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Some of them are more believable than others

April 1 is the wonderful day when PR departments really push themselves to top the zany jokes they came up with the previous year. And it's not just fast-food chains competing with each other, or breweries announcing they have released stuff like a fermented herring flavored beer: carmakers' media teams rarely miss out on the opportunity to play a little joke on their audience. Here are a few of our favorites from this year.

Teased

It'll be faster than the 243-mph McLaren F1

Will it top 250 mph?

Report

Won't rush an EV to market that doesn't meet its performance standards

Hybrid tech is where it's at.

Report

Supercar purists may want to get their torches and pitchforks out

Only limited-edition cars would come without hybrid tech.

Official

The automaker posted its fourth consecutive year of profitability.

Official

Eventually, 1500 cars will be built every year.

The first 400 cars have already been sold.

Official

Häkkinen won F1 championships in 1998 and 1999.

The Finnish driver will be McLaren's Partner Ambassador.

Official

More power from smaller engines, says McLaren.

In addition to BMW Group, there are some interesting names joining the band.

Report

Ron Dennis’s ouster might have something to do with a takeover bid, too.

No bid, but there were talks.

Report

McLaren Automotive doesn't want to tie up with another carmaker, saying that its independence helps it stay nimble and keep up with advances in technology.

Official

As McLaren Automotive prepares to launch its new entry-level Sports Series, it has named its senior designer, Robert Melville, to the new role of Chief Designer. He'll continue to report to designer director Frank Stephenson.

Official

The automotive division of McLaren has just returned its first yearly profit, netting 4.5 million pounds ($7.5 million at today's rates) in pre-tax profit and 12.4 million pounds ($20.7 million) in operating profits on revenue of 285.4 million pounds ($478.1 million).

Official

With new versions of the 12C coming out all the time, the new P1 still wowing crowds and additional projects underway, sports car fanatics might surmise that McLaren is doing pretty well for itself these days. But Formula One fans would likely disagree. After losing its longtime prodigy Lewis Hamilton to its longtime partner, Mercedes, McLaren failed to land on the podium (let alone win an actual grand prix) even once last season. In fact, the last time McLaren – one of the most historical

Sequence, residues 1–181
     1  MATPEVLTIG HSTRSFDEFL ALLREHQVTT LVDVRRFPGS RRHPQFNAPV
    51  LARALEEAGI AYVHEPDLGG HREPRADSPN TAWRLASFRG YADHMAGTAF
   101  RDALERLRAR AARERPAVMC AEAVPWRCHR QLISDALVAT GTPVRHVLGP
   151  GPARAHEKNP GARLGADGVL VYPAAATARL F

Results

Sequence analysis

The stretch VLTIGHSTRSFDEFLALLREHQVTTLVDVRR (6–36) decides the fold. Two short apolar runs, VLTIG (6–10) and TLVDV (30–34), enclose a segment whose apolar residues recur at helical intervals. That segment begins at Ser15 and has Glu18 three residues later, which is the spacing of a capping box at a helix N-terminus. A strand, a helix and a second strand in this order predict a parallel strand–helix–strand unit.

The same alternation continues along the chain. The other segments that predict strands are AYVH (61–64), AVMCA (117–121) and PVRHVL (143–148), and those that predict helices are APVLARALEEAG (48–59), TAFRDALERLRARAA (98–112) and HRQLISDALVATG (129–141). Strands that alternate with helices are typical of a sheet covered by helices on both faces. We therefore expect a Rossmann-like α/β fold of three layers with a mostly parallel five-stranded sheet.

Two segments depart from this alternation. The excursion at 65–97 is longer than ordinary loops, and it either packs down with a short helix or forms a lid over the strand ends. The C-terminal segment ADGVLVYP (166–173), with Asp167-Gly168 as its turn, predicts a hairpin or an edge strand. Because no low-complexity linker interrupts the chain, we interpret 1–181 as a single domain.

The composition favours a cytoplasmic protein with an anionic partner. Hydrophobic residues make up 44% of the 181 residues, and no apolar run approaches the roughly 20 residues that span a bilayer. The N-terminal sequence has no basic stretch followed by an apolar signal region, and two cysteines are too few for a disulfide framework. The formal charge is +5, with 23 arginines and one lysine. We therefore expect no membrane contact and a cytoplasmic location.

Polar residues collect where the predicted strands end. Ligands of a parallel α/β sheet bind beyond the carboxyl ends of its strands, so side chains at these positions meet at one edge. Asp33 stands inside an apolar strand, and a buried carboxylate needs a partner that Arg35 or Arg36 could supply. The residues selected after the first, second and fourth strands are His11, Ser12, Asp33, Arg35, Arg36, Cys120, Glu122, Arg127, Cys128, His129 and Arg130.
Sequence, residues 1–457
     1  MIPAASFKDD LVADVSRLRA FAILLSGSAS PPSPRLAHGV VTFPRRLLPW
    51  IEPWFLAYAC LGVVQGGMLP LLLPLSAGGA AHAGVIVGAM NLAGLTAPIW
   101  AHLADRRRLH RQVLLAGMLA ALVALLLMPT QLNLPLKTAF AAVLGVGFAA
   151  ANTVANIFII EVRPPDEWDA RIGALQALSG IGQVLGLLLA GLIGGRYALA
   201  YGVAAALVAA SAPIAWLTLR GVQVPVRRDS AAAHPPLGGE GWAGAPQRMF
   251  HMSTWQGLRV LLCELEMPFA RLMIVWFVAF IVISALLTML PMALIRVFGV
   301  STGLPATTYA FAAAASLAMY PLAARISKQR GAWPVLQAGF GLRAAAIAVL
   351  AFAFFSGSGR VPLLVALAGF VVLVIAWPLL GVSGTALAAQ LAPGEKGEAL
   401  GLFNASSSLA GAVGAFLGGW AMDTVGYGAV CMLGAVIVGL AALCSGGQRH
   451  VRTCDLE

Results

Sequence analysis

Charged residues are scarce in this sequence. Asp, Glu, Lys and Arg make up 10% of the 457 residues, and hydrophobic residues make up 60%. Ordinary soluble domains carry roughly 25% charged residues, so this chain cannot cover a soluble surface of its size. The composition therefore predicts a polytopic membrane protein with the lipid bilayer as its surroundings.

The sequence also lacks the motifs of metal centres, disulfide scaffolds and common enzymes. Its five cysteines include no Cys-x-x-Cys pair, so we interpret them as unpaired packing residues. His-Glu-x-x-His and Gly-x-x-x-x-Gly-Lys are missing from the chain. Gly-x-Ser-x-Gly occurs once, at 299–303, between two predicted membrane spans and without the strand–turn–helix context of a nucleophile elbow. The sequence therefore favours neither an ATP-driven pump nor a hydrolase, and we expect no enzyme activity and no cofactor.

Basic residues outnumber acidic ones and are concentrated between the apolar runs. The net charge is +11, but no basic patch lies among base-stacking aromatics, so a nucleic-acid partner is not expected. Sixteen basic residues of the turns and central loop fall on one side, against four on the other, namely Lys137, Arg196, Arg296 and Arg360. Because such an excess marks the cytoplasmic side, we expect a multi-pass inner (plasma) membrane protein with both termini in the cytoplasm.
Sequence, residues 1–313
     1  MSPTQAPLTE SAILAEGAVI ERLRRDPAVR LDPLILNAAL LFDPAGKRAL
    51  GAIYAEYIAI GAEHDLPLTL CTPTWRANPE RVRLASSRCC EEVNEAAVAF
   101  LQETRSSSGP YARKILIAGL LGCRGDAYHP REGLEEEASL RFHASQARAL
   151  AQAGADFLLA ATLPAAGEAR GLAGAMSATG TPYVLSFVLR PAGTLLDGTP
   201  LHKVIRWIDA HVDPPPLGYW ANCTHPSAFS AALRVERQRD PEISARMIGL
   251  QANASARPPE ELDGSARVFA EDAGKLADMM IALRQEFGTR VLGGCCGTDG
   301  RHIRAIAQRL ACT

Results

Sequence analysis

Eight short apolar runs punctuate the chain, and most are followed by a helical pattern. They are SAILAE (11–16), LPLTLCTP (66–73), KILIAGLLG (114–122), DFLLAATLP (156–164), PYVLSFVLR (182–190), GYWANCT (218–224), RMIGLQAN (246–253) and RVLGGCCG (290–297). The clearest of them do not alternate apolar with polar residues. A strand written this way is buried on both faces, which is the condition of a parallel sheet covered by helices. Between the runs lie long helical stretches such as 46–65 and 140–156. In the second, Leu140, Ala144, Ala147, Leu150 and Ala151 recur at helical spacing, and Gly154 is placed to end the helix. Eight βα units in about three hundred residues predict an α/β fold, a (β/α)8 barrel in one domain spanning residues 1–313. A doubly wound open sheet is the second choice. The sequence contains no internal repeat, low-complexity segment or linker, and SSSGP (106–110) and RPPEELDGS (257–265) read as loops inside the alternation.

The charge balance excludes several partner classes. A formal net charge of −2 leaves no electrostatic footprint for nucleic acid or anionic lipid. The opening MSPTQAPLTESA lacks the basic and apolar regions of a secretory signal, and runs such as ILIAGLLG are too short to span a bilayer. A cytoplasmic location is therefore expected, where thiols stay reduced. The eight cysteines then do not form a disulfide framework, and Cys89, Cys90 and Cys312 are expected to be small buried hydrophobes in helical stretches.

Official

It was back in 1963 that 26-year-old Bruce McLaren founded Bruce McLaren Motor Racing Ltd. in London with no more than a handful of dedicated employees. Today, nearly fifty years later, the McLaren Group employs more than 2,000 and is credited with developing, manufacturing and racing some of the world's greatest supercars on a global stage.

Official

It's been one heck of a first year for McLaren Automotive. Since setting up shop twelve months ago, the Formula One team's new sportscar-making unit has sold over 1,000 examples of the MP4-12C supercar, but that's not the sum total of its achievements.

Video

The Middle East is an enormously vital market for McLaren, and not just because its oil barons have the cash to buy as many MP4-12C supercars as they and every member of their family could possibly want. While the team has only won the Abu Dhabi Grand Prix once and has yet to do the same at the Bahrain Grand Prix – the only two in the region (discounting Turkey), the company is part owned by Saudi businessman Mansour Ojjeh, and another part by the royal family of Bahrain.

Report

If you've got the cash to place on the hood (or nose cone, as it were), most any Formula One team will sell you one of their old race cars. After all, they're not using them anymore, and it's a good way to raise funds to develop next year's car. But not McLaren. The team from Woking – one of the most successful in the series – doesn't sell its old cars, though with 176 grand prix victories, twelve drivers' championships and eight constructors' titles, you can bet they'd fetch a prett

Report

Niche automakers face a difficult decision: lay out the mountain of cash it takes to have their exotic rides certified for American roads, or save the money and miss out on one of the largest markets. McLaren Automotive had the new MP4-12C homologated for the United States, and now they're thankful that they did.

Spy Shots

Rumors and conjecture will only get you so far, particularly when we're talking about the stratosphere of supercardom where speculation can disappear back into the ether from whence it came as quickly as it emerged in the first place. What we need to really anticipate the arrival of a new record-breaking hypercar is concrete evidence. And concrete evidence, ladies and gentlemen of the jury, is what we have here before us today.

Rumormill

Anything Ferrari can do, McLaren can do better. At least that's what the boys in Woking seem to believe. After all, McLaren has trounced Ferrari around the Formula One circuit for the past several years now. But while the British team has followed its Italian rival from grand prix racing into building supercars with the McLaren F1, Mercedes-Benz SLR McLaren and (most recently) the MP4-12C, one thing Ferrari does that McLaren doesn't is grand tourers. And with the advent of the FF, shooting brake